RACHEL: Definitely, yes. In fact, that’s probably above and beyond getting connected with the Focus and mastering, you know, the typing practice for parents and TVIs. Another really common question we’ve had is, you know, what are the commands for Google Classroom? How do my students access Google Docs? And we’re lucky enough that some of that work’s already been done because we have G Suite training already out there and archived. And we do have some work to do left with Google Classroom.
GLEN: What about Zoom? Zoom, amazingly to me, has really taken over the imaginations of a whole bunch of people. It seems really popular now, where three years ago it was hardly used.
RACHEL: Yeah. I’ve heard it talked about quite a bit. I’ve seen it on the news. It’s been quite the buzzword lately. And we do have a training on that already available, if people visit our archives page. You can download, I think it’s about a 25-minute training with several task demos. And that will be good if you’re participating in Zoom meetings. Now, you may need a little bit extra training if you’re going to be hosting a meeting yourself and using JAWS.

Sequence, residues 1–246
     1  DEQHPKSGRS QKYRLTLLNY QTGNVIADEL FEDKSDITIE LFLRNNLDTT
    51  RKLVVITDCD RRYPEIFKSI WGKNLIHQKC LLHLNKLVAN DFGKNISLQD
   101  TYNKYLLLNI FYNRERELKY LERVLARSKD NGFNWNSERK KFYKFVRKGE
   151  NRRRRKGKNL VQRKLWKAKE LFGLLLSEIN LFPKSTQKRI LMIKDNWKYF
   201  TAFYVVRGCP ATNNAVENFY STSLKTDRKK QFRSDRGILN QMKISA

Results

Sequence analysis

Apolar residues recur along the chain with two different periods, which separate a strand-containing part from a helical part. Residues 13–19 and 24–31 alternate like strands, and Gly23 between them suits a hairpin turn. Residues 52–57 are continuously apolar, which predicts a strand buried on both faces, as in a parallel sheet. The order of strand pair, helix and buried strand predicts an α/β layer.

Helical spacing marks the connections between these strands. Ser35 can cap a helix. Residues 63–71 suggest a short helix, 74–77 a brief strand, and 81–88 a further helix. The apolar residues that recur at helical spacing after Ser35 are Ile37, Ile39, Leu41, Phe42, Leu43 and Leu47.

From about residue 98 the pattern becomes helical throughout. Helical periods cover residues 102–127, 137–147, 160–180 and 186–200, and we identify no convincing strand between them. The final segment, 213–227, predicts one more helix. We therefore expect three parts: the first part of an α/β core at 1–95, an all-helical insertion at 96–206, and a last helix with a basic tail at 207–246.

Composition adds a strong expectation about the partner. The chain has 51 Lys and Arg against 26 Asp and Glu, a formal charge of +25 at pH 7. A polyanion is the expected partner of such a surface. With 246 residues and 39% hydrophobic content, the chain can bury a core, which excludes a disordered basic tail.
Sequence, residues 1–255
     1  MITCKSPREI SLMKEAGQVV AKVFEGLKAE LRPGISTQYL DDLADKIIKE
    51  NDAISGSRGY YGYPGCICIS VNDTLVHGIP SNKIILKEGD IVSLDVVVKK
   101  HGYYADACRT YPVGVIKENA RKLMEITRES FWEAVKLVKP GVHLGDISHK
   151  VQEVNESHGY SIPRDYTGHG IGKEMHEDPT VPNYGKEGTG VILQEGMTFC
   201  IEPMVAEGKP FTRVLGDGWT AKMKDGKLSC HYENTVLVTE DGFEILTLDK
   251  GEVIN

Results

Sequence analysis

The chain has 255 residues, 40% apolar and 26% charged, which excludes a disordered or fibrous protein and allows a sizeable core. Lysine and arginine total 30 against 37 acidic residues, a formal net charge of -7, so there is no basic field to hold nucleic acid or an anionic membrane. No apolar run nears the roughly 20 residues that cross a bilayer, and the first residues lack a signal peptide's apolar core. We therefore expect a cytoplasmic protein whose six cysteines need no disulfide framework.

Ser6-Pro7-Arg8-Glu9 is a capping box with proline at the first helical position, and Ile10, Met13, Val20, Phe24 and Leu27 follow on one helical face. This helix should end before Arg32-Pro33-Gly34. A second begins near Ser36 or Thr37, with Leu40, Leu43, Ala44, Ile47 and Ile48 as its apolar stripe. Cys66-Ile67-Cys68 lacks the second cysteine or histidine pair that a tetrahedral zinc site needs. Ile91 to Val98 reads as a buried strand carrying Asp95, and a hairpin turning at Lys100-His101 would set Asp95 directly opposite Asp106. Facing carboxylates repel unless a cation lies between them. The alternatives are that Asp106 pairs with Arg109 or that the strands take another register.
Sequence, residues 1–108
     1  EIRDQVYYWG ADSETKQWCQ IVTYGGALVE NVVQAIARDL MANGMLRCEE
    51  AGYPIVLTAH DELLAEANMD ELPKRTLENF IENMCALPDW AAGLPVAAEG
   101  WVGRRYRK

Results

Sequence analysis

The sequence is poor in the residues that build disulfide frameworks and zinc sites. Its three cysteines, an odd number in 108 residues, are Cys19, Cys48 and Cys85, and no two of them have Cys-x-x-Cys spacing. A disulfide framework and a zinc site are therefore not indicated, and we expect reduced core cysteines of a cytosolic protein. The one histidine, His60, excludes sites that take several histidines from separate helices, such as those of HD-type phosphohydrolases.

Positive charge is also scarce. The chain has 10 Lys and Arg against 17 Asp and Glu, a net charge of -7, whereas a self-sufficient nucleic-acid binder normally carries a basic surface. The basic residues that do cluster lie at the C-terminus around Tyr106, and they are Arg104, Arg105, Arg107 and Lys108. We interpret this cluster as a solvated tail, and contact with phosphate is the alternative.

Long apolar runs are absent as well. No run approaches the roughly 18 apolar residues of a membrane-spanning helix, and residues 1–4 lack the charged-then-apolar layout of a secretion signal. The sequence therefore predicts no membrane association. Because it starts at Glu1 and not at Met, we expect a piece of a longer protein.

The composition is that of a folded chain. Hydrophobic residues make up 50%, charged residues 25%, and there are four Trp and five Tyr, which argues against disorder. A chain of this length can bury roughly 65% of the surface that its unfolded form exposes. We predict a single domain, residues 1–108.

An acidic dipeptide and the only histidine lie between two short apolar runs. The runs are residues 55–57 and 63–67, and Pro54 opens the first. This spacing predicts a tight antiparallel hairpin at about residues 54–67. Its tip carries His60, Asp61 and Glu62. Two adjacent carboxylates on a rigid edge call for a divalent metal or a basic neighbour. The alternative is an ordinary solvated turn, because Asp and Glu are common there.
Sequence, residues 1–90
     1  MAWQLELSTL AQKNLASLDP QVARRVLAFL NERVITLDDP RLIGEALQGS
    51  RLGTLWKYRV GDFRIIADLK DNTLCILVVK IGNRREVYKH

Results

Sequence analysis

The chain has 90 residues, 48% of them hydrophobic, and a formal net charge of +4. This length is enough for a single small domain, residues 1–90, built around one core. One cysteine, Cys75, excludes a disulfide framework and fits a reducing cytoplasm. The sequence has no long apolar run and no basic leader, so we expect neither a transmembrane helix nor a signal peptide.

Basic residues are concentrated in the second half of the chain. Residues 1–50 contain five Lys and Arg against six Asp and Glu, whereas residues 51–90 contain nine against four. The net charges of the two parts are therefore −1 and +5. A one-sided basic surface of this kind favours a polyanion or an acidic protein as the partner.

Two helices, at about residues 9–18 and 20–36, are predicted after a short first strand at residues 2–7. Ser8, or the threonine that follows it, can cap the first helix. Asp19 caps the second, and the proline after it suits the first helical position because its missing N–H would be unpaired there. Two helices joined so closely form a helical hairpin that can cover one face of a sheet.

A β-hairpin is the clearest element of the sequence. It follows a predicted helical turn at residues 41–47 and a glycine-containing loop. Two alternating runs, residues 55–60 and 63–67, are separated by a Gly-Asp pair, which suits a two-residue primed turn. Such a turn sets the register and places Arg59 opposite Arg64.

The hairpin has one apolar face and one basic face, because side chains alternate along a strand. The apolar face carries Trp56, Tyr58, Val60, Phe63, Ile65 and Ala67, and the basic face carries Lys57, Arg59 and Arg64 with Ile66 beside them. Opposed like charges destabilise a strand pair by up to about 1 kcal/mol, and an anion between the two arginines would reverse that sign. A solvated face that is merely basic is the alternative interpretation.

GLEN: And I have just the resource for you.
RACHEL: Oh, tell us about it.
GLEN: Jonathan Mosen, who wrote a book several years ago called “Meet Me Accessibly,” how to use Zoom...
RACHEL: Yes, I have that.
GLEN: He has made it available for free.
RACHEL: Excellent. That is so helpful.
GLEN: I think it’s about three hours long. It covers both using Zoom with JAWS and using it with an iPhone to both attend a meeting and to present a meeting.
RACHEL: Right, and this is a book I relied on a lot when I first started doing the webinars. It was one that I immediately knew I needed as a resource, and I read it, and it was really helpful.
GLEN: Have you contacted him to demand your money back?
RACHEL: No, I have not.
GLEN: Okay, good. He appreciates – he appreciates that.
RACHEL: I think it was an honest sale. It was long enough ago.
GLEN: That book is available at Mosen.org/zoom, and available for a free download. So it’s a great resource. I wanted to mention it on the podcast, and you provided the perfect opportunity.
RACHEL: Great. Yup.
GLEN: If people want to know when our webinars are scheduled and find out about specifics, how do they do that?
RACHEL: We’ve been posting all of that information on our blog at blog.freedomscientific.com. We’ve been blogging twice a week. So check it out and stay up to date with what we’re doing.
GLEN: Sounds great. Thanks, Rachel.
RACHEL: Thanks so much, Glen.
GLEN: With me now is Dan Spoone. He is the President of the American Council of the Blind. Dan, I realize this is a busy time, and there are lots of things you could be doing. Thanks for taking the time to join us.
DAN SPOONE: Well, thank you, Glen. Glad to be here.
GLEN: So how well do you think blind people are prepared to face COVID-19?